Trump might devoutly wish that Rosenstein would fire Mueller; almost certainly Trump wishes that Rosenstein had never appointed Mueller. But whatever role that heartfelt desire might play in the president’s decision this week, Mueller’s investigation is pressing ahead, undisturbed by anything other than a constant barrage of Trumpian tweets that the special counsel is wisely ignoring.
Maybe the smart money will turn out to be wrong, and Rosenstein will stick around; Trump, after all, isn’t exactly the most predictable chief executive. Given the heated political moment, dismissing Rosenstein would be a reckless and self-destructive act.
Or maybe the smart money is right. In that event, and if the administration has any sense – by no means a given — the White House will try to shore up the Justice Department by swiftly nominating an individual of unimpeachable independence to the deputy spot, as when the Ford administration chose the widely admired Edward Levi, president of the University of Chicago, as the post-Watergate attorney general.
But if Rosenstein goes, even a glitteringly impressive successor is unlikely to save Trump from political disaster. Republican leaders have reportedly warned the White House that a Rosenstein dismissal might spell doom for Supreme Court nominee Brett Kavanaugh, whose confirmation is hanging by a rapidly fraying thread. Put the House of Representatives aside; the GOP might not even hold onto the Senate. And with both houses of Congress in Democratic hands, Trump’s presidency would effectively be over. He might remain in office, but the remainder of his term would be bogged down in subpoenas, investigations, and refusals to confirm his nominees for almost any office.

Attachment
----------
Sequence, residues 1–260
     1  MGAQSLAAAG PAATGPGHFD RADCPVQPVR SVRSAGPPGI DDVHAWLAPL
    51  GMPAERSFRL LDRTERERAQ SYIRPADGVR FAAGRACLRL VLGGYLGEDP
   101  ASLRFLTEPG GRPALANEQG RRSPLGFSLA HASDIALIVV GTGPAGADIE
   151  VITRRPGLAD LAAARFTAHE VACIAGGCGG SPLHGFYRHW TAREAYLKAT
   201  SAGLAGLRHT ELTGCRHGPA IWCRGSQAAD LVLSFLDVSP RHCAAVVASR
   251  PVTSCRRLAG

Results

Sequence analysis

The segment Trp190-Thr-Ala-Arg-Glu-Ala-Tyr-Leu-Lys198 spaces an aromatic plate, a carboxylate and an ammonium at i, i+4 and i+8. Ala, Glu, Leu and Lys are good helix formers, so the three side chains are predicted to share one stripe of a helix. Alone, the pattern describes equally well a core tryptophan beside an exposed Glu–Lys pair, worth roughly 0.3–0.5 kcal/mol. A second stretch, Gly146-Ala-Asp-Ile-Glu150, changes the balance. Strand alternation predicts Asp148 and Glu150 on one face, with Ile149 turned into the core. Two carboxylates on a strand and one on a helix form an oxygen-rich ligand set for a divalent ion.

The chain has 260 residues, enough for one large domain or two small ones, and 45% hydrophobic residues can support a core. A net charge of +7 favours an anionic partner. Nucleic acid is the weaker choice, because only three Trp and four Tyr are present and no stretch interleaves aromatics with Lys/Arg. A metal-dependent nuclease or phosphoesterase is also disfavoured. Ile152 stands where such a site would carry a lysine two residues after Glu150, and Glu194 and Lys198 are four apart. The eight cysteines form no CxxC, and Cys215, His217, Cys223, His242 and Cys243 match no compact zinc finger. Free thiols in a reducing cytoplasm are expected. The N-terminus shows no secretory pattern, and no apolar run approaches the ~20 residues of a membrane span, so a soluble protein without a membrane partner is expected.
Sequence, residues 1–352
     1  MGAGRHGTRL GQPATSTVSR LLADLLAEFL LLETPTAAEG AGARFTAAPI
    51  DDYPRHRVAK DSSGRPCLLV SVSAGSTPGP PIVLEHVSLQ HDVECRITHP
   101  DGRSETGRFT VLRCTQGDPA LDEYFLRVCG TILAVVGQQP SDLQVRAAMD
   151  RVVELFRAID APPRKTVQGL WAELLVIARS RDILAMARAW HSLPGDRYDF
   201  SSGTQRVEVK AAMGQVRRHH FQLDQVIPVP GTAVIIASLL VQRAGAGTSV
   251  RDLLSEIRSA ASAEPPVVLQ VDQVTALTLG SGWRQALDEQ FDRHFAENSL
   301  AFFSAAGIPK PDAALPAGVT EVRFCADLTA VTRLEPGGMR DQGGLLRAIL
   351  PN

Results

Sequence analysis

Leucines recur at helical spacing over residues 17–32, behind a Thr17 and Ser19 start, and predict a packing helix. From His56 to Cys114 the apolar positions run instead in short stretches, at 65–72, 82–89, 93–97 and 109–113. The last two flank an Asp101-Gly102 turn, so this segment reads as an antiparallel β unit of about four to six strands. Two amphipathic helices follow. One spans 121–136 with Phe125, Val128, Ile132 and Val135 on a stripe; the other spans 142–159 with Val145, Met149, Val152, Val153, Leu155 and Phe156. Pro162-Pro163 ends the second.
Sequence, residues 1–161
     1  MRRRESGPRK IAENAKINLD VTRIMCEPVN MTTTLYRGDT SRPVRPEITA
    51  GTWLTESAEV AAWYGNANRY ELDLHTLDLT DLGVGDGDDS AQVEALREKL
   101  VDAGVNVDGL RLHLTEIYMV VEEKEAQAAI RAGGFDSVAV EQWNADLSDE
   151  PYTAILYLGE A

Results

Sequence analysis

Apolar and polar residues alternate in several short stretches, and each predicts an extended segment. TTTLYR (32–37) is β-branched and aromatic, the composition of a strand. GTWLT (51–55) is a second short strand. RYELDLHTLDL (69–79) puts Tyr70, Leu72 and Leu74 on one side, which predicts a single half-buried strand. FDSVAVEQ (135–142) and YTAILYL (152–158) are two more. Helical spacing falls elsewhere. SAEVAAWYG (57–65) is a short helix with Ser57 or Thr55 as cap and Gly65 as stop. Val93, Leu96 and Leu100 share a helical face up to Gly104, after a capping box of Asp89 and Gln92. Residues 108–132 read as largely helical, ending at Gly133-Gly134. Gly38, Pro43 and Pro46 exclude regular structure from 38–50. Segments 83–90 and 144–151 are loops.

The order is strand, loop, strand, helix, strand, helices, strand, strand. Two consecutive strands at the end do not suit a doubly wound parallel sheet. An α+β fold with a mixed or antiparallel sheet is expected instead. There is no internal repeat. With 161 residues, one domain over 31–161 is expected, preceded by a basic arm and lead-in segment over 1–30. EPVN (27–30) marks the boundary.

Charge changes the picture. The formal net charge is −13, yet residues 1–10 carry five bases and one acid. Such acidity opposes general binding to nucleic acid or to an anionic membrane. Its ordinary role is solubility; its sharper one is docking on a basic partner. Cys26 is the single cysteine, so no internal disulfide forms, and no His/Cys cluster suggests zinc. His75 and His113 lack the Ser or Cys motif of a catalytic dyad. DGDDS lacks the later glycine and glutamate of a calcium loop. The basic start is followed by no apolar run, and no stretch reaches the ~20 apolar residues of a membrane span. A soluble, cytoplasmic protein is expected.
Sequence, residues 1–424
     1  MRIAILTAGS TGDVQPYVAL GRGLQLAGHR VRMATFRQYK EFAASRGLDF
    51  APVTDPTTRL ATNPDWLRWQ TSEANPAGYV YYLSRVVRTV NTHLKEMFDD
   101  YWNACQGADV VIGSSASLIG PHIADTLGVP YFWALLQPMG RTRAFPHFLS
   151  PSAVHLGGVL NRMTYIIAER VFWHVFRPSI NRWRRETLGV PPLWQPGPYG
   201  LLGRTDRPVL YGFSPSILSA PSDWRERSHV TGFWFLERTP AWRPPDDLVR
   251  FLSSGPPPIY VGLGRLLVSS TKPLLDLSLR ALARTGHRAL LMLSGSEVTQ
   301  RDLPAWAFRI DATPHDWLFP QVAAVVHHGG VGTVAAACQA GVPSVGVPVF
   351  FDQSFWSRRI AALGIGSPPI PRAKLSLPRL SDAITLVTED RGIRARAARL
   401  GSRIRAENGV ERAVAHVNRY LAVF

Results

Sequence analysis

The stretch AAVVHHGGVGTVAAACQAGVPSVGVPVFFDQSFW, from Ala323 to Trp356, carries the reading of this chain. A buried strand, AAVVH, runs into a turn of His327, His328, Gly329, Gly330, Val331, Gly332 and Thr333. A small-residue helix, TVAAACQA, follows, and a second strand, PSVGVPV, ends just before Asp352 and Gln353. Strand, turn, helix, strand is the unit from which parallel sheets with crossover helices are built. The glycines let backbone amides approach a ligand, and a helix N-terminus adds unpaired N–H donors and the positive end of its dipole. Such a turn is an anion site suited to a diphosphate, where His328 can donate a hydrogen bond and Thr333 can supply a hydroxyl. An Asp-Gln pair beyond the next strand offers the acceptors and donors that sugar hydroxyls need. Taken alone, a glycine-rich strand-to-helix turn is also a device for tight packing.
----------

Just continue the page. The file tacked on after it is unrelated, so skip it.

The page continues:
As I said: self-destructive.
We don’t know how the meeting is going to turn out. But even should Rosenstein be fired, and even should all those entirely predictable consequences occur, the resultant crisis will be political — not constitutional. Executive authority under the Constitution doesn’t turn on how much Americans happen to like the person in the Oval Office, and a presidential power does not cease to exist because the president who wields it is named Trump.
Stephen L. Carter is a Bloomberg Opinion columnist. He is a professor of law at Yale University and was a clerk to U.S. Supreme Court Justice Thurgood Marshall. This column does not necessarily reflect the opinion of Minnesota Lawyer, the Bloomberg editorial board or Bloomberg LP and its owners.